On Tap in Hawaii: Craft brewers warm to lighter lager style
There was a time in the not-too-distant past when lager beers were shunned by the craft brewing world. A lot has changed over the last few years, and we are in the middle of a craft lager explosion.
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There was a time in the not-too-distant past when lager beers were shunned by the craft brewing world. The light, easy-drinking and refreshing style of beer was associated with “big beer,” with very few smaller craft breweries venturing to make them. A lot has changed over the last few years, and we are in the middle of a craft lager explosion.
But there are other reasons why craft breweries took a while to really start cranking out lighter lagers. In years past, everyone was in a race to produce more IPAs, the better to satisfy consumers’ thirst for bigger, bolder beers. Lagers also require more space and time to produce, and that means higher costs. But now that breweries have started to embrace the can format that has become synonymous with lager, the production of lighter lagers is a full-blown trend among not only the larger craft breweries, but smaller ones as well.
Two early craft lager pioneers are actually in Hawaii: Kona Brewing Co., with its Longboard Lager, and Maui Brewing Co.’s Bikini Blonde.
Both breweries have built their businesses around these crisp beers, which fit perfectly in Hawaii’s climate. Almost out of necessity, these lagers were produced to satisfy both local tastes and the desire of visitors to cool off in the island heat. Both beers have garnered awards, and Maui Brewing was an early embracer of using cans.
SO WHY the sudden surge in lagers? As the industry evolves and grows, drinkers are looking for new offerings, and the race to brew the hoppiest IPA or biggest Bourbon barrel-aged stout has slowed. And since Americans drink pale lagers more than any other style of beer, it was inevitable that smaller craft brewers would start making them. But it’s not all about trying to draw the everyday Coors Light or Bud drinker. Many craft breweries are creating lagers to satisfy the craft beer drinker looking for something lighter, yet still well-crafted and flavorful.
IN JUST the last few weeks, a number of new craft lagers have been released:
Maui Brewing’s Hop Kine, a hopped-up lager with bright citrus aromas and a more distinct hop bitterness, offers the lightness of a lager with the flavor of an IPA.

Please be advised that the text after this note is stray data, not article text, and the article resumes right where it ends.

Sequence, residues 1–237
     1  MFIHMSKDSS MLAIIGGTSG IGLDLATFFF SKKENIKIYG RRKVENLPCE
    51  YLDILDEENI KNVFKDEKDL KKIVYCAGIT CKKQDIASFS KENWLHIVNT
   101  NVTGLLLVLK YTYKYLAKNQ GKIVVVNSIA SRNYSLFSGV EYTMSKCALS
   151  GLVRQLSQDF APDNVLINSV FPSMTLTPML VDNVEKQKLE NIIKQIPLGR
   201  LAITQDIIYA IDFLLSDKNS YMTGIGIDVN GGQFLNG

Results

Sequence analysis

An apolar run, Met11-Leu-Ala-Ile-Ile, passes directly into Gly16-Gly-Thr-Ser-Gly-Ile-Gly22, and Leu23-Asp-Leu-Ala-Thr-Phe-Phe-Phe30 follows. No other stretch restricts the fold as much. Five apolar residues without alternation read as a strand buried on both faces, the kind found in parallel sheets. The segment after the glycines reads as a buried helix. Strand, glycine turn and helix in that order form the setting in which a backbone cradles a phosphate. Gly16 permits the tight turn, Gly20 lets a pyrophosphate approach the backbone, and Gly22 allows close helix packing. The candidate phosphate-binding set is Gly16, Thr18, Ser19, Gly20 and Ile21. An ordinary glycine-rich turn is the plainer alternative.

Along the same line, Stone Brewing Co.’s Tropic of Thunder Lager is heavily aromatic, with notes of pineapple, orange zest and mango. Though it resembles an IPA in aroma, the body of this beer is light and clean with very little bitterness. It truly bridges the IPA and lager styles.
Stone has also released Enter Night, a bolder pilsner-style beer with light malt notes followed by an assertive, clean bitterness that keeps the finish dry and refreshing. Enter Night, sold in jet-black cans, is a collaboration with the heavy metal band Metallica.
On the lighter side, Deschutes Brewing’s Da Shootz is a 4 percent alcohol-by-volume lager with a moniker that gives a nod to the islands. There’s not much going on with this beer — aroma is almost nonexistent and flavor very light. While it may be easy to drink, it possesses no unique characteristics to set it apart from a Coors Light or Miller Lite.
Capitalizing on the huge popularity of Mexican import lagers, Sierra Nevada’s Sierraveza is a new release (in cans). If you’re a Modelo or Pacifico drinker, there’s not much reason to make the switch here. Sierraveza is well made, with a touch of malty sweetness and a perfectly crisp finish, but there is little to distinguish it from larger brand imports.
Ola Brew’s Ma‘a lager is the second can release from the young Kona brewery (the first was Ola IPA). Ma‘a is a fuller, more malt-forward European lager similar to a German helles. At first, it may seem reminiscent of Maui’s Bikini Blonde, but it ends without the snappy finish. Instead, a slight white-bready flavor lingers, with very little bitterness.
Tim Golden, a certified cicerone, shares his obsession with all things craft beer on the third week of each month. He is part owner of Village Bottle Shop in Kakaako.